Cage<Cat> catCage;

But we could not have a cage of objects, as an object is not a subclass of an animal:

Cage<Object> objectCage; // Compilation error

One advantage of this is that all the methods of animal are available to the compiler. We know our type extends it, so we could write a generic algorithm which operates on any animal. This means we don’t have to reproduce our method for different animal subclasses:

public void firstAnimalJump() {
    T animal = animals.get(0);

Q8. Is It Possible to Declared a Multiple Bounded Type Parameter?

Declaring multiple bounds for our generic types is possible. In our previous example, we specified a single bound, but we could also specify more if we wish:

public abstract class Cage<T extends Animal & Comparable>

In our example, the animal is a class and comparable is an interface. Now, our type must respect both of these upper bounds. If our type were a subclass of animal but did not implement comparable, then the code would not compile. It’s also worth remembering that if one of the upper bounds is a class, it must be the first argument.

Q9. What Is a Wildcard Type?

A wildcard type represents an unknown type. It’s detonated with a question mark as follows:

public static void consumeListOfWildcardType(List<?> list)

Here, we are specifying a list which could be of any type. We could pass a list of anything into this method.

Q10. What Is an Upper Bounded Wildcard?

An upper bounded wildcard is when a wildcard type inherits from a concrete type. This is particularly useful when working with collections and inheritance.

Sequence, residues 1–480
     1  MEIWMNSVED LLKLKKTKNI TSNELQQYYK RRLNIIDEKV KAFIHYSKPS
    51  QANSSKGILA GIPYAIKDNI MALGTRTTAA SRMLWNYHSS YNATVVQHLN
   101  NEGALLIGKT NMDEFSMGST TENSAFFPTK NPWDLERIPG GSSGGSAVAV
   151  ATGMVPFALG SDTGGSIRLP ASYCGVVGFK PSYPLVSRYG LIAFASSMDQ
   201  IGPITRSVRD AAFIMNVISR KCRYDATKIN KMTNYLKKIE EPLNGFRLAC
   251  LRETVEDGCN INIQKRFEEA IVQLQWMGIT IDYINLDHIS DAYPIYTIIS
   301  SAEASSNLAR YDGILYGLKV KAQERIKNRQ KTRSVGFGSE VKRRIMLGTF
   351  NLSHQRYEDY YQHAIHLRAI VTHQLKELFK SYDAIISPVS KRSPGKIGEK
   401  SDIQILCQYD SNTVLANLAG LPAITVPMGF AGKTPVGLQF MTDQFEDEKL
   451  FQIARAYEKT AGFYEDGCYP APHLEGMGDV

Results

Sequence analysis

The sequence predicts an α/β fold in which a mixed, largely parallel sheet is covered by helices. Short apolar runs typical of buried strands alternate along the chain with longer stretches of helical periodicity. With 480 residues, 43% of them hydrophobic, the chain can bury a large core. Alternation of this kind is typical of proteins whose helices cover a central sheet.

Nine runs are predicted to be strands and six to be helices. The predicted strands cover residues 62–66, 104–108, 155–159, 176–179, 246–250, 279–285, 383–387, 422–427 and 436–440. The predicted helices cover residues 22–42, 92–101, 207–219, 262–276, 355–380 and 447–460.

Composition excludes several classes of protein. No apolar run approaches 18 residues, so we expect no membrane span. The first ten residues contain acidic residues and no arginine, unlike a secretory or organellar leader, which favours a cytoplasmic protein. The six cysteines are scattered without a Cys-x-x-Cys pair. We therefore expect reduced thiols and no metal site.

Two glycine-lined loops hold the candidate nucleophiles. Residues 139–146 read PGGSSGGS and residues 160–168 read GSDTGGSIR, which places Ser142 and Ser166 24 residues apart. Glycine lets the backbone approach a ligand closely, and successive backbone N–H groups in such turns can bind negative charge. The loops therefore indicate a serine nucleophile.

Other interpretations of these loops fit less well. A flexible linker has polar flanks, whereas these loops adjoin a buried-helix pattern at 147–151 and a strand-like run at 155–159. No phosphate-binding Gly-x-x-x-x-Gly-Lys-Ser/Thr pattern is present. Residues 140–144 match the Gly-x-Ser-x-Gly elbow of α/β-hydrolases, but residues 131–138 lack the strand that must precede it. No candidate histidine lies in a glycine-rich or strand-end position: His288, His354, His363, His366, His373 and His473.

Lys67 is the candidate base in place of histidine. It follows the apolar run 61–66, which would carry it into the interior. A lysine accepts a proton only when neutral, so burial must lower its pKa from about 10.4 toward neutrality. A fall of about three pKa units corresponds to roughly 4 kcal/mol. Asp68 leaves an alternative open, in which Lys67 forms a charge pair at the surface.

Let’s try demonstrating this with a farm class which will store animals, first without the wildcard type:

public class Farm {
  private List<Animal> animals;

  public void addAnimals(Collection<Animal> newAnimals) {

If we had multiple subclasses of animal, such as cat and dog, we might make the incorrect assumption that we can add them all to our farm:

farm.addAnimals(cats); // Compilation error
farm.addAnimals(dogs); // Compilation error

This is because the compiler expects a collection of the concrete type animal, not one it subclasses.

Now, let’s introduce an upper bounded wildcard to our add animals method:

public void addAnimals(Collection<? extends Animal> newAnimals)

Now if we try again, our code will compile. This is because we are now telling the compiler to accept a collection of any subtype of animal.

Q11. What Is an Unbounded Wildcard?

An unbounded wildcard is a wildcard with no upper or lower bound, that can represent any type.

It’s also important to know that the wildcard type is not synonymous to object. This is because a wildcard can be any type whereas an object type is specifically an object (and cannot be a subclass of an object). Let’s demonstrate this with an example:

List<?> wildcardList = new ArrayList<String>(); 
List<Object> objectList = new ArrayList<String>(); // Compilation error

Again, the reason the second line does not compile is that a list of objects is required, not a list of strings. The first line compiles because a list of any unknown type is acceptable.

Q12. What Is a Lower Bounded Wildcard?